The Fabelmans has been my most anticipated movie of 2022. As a lifelong fan of Steven Spielberg, I had ridiculously high expectations for this one.
And those expectations honestly concerned me as I went into the preview screening earlier this week. There was no way this film could live up to what I had imagined in my head. Or, at least, that’s what I thought. I’m happy to report that it not only lived up to my expectations, it exceeded them.
For those you haven’t seen the commercials or trailer for this one, here’s what you need to know. The movie is not only directed by Steven Spielberg, but it is also written by him, along with Pulitzer Prize-winning playwright Tony Kushner.
The film, which is based on Spielberg’s life, follows Sammy Fabelman, a young aspiring filmmaker. Sammy falls in love with cinema after his parents taken him to see his first movie, The Greatest Show on Earth, on the big screen.
As Sammy tries to process the experience of his first film, he finds himself armed with a camera and a growing passion for storytelling. Thanks to a supportive mom, some pretty incredible sisters, and a father who would eventually come around – Sammy would keep making movies throughout his childhood and teenage years. And eventually, following graduation and an attempt at college, Sammy finds himself in Hollywood.
The Fabelmans Movie Trailer
The Fabelmans Movie Review: What I Did and Didn’t Like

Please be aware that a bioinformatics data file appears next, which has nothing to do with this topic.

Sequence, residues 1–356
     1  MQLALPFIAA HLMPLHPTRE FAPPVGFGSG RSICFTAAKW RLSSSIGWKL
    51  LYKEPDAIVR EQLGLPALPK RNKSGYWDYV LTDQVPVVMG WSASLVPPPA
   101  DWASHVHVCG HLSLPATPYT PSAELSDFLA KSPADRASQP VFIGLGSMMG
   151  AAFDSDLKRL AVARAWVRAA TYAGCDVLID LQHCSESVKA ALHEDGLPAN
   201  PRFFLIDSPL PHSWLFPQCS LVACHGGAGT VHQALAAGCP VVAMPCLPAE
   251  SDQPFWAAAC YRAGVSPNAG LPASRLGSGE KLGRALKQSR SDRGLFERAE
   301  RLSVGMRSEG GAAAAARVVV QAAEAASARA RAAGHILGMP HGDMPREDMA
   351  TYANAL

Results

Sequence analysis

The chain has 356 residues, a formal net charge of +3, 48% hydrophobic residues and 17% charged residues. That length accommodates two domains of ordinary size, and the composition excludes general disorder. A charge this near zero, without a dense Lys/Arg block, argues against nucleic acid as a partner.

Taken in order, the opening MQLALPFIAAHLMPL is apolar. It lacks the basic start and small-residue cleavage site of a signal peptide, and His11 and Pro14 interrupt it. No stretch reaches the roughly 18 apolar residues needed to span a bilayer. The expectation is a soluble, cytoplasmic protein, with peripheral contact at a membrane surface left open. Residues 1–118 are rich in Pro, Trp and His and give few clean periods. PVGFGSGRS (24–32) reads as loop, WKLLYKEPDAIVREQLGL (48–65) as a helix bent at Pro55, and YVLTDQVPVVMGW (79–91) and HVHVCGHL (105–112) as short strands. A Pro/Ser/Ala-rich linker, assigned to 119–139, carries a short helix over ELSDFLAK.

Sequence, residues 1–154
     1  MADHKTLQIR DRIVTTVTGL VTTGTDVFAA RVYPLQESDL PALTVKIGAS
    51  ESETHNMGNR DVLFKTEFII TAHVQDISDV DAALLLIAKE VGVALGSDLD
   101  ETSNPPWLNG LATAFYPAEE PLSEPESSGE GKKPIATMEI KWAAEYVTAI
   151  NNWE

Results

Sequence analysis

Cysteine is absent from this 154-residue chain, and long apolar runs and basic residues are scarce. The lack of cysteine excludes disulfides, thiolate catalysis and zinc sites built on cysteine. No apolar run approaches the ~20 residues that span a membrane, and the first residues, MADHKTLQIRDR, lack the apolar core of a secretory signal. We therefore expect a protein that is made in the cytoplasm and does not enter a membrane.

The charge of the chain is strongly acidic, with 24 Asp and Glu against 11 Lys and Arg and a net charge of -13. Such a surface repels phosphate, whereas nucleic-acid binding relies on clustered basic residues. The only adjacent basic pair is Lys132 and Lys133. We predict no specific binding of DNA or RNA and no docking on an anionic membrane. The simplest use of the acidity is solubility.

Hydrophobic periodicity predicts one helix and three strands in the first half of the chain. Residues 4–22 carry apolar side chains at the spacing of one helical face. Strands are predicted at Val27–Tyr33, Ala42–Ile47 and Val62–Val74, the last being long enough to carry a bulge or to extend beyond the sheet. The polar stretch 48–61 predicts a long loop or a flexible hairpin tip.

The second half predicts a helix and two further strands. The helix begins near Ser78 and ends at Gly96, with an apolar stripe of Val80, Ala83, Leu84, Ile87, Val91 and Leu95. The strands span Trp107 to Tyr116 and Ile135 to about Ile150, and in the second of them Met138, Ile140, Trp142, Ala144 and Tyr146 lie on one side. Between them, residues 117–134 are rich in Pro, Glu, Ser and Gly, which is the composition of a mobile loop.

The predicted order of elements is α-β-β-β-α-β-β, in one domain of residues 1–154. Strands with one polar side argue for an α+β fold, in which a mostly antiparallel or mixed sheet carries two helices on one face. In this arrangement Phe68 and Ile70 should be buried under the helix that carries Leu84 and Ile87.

The 2 hour and 31 minute run time makes The Fabelmans a long movie. But it’s one that is entertaining from beginning to end. And though, at its core, it’s a coming-of-age story filled with drama, it’s also unexpected comedy. The moments of laughter and light-heartedness are spaced perfectly to balance out the more serious moments.
While the film’s main character is Sammy Fabelman, played perfectly by Gabriel LaBelle (The Predator, American Gigolo series), the star that shines the brightest here is Michelle Williams. Her exquisite performance as Mitzi, Sammy’s artistic mother, spans the full array of emotions. She brings such complex depth to Mitzi and is captivating to watch.
The full ensemble cast delivers brilliant performances as well. Paul Dano provides a steady and strong portrayal of Sammy’s successful and scientific father, Burt. Seth Rogen brings laughter and sadness as Uncle Benny. And both the young and older set of actresses that play Sammy’s sisters bring such beautiful support and love to the screen.
Mateo Zoryan also delivers a pure innocence with his role as the younger Sammy Fabelman. He does a wonderful job ant encapsulating the wonder and awe that Sammy felt for the big screen at a young age.
And lastly, Gabriel LaBelle, who plays teenage Sammy… just wow. Not only can the audience see Steven Spielberg in LaBelle, from his mannerisms to his physical looks, but his delivery and timing couldn’t have been more on the nose. It’s a radiant and masterful breakthrough role for LaBelle.
The Fabelmans is a personal film for Steven Spielberg, which also translates to the audience. Movie-goers feel like they’re reading a diary detailing Spielberg’s origin story and his earliest inspirations.
After seeing this one, there’s so much heart and warmth that you feel like you understand Spielberg on a whole different level, a human level. He’s no longer just a brilliant filmmaker. He’s also an incredibly passionate, kind, and funny individual whose true love has always been the art of cinema. It’s quintessential Spielberg, and, for me personally, it’s the best film of 2022.
The Fabelmans Movie Review: